Notwithstanding my own “beef” with publicity rights as a larger phenomenon of IP expansion, I have argued elsewhere that “the radical alternative of eliminating publicity rights, or curtailing their scope has troubling implications for those at the bottom of the IP/entertainment eco-system, including racial minorities, unsung retired athletes, and new entrants in the entertainment industry.”9 I agree somewhat with Professor McKenna, who has argued that, “critics of the right of publicity have gone too far in suggesting that celebrities should have no control over their identities.”10
Professor McKenna argues persuasively that courts have erred in looking at the right of publicity claims exclusively through the lens of the “economic value of a celebrities’ identity.”11

The lessons drawn from the treatment of black artists validate the notion, set forth by scholars such as Professor Kwall, that creative artists seeking redress for appropriation and injury to personality rather than economic injury may present especially strong claims for redress in the right of publicity context.12 As I have argued in other contexts, intellectual property can facilitate dynamics of inequality in society, but an artist-centered, bottom-focused approach to IP can foster equality of treatment rather than existing power dynamics of wealth, gender and race privilege.13 Case law on performance rights leaves a gap in IP protection that is puzzling in light of the importance of performance in artistic endeavors.

However, unlike other IPR’s, particularly trademark rights, which have been overprotected,14 the right of publicity is arguably unprotected in at least one

6 See e.g., Stacey Dogan & Mark A. Lemley, What the Right of Publicity Can Learn from Trademark Law, 58 Stan L. Rev. 1161
(2006); See also Michael Maddow, Private Ownership of Public Image: Popular Culture and Publicity Rights, 81 CAL L. REV.
125 (1993).
7 See K.J. Greene, Intellectual Property Expansion: The Good, the Bad and the Right of Publicity, 11 CHAP. L. REV. 521, 522
8 See John Tehranian, Infringement Nation: Copyright Reform and the Law/Norm Gap, 2000 UTAH L. REV. 537, 538 (2007).
9 Greene, supra note 7 at 522.
10 See Mark P. McKenna, The Right of Publicity and Autonomous Self-Definition, 67 U. PITT. L. REV. 225, 231 (2005).
11 Id at 226.
12 See Roberta Rosenthal Kwall, Preserving Personality and Reputational Interests of Constructed Personas Through Moral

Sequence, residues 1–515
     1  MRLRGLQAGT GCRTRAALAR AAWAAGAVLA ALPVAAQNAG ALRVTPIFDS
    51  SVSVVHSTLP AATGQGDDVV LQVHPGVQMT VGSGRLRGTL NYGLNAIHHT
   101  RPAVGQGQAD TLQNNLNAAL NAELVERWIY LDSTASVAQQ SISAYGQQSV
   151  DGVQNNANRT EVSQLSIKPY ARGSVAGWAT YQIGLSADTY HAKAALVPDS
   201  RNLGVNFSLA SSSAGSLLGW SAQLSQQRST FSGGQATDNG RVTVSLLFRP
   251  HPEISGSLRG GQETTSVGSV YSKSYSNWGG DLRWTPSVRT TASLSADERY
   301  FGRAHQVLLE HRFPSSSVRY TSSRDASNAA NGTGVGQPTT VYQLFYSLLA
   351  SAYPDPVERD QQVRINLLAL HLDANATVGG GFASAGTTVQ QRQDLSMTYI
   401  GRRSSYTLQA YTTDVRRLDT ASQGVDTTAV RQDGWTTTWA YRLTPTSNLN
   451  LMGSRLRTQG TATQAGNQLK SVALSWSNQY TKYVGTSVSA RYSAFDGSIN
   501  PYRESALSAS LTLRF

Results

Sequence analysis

Rights: A Blueprint for the Twenty-First Century, 2001 ILL. L. REV. 151 (2001).
13 See K.J. Greene, The Right of Publicity: Is the Rent “Too Damn High”, 2 COUNSELING CLIENTS IN THE ENT. INDUSTRY 2011,
291 (2011) .
14 See generally Sandra Rierson, IP Remedies After EBay: Assessing the Impact on Trademark Law, 2 AKRON INTELL. PROP. J.
163, 185 (2008).

dimension—protection of non-celebrities. The under-protection of non-celebrities illustrates both the fallacy of purely economic-based approaches to IPR’s, and their politicized nature. In echoing the IPR interest theory of Professor Litman, huge corporations get the benefit of legislation expanding their respective IPRs, while lesspowerful non-celebrities enjoy less protection.15 Further, an obsessive interest in economic rights to IPRs disadvantages non-elites in society. These threads run throughout American IP law and lead to inequality of treatment, according less
respect for the rule of law.

What Bothers Us About the Right of Publicity?

Most academics, even when “rock stars” in the classroom, are far removed from the world of Hollywood celebrity. It may well be that we academics are merely “haters”,16 envious of the lavish lifestyles of celebrities. Putting that aside, what is it that bothers us academics about the right of publicity? Scholars from Madow to Dogan and Lemley have set forth the litany of analytical woes that plague publicity right law.17 The incentive theory that underlines patent and copyright law has come under harsh attack in the publicity context. Professor Liu echoes a common concern